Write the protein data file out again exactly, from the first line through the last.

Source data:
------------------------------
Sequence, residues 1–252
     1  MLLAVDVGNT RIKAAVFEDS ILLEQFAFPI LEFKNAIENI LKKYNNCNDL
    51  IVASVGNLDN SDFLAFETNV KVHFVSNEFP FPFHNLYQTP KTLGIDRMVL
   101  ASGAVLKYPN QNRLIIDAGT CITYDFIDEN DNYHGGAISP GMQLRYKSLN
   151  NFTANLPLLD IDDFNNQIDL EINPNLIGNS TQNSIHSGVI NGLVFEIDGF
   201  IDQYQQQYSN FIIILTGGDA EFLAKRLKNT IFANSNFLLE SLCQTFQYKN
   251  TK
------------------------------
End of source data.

Sequence, residues 1–252
     1  MLLAVDVGNT RIKAAVFEDS ILLEQFAFPI LEFKNAIENI LKKYNNCNDL
    51  IVASVGNLDN SDFLAFETNV KVHFVSNEFP FPFHNLYQTP KTLGIDRMVL
   101  ASGAVLKYPN QNRLIIDAGT CITYDFIDEN DNYHGGAISP GMQLRYKSLN
   151  NFTANLPLLD IDDFNNQIDL EINPNLIGNS TQNSIHSGVI NGLVFEIDGF
   201  IDQYQQQYSN FIIILTGGDA EFLAKRLKNT IFANSNFLLE SLCQTFQYKN
   251  TK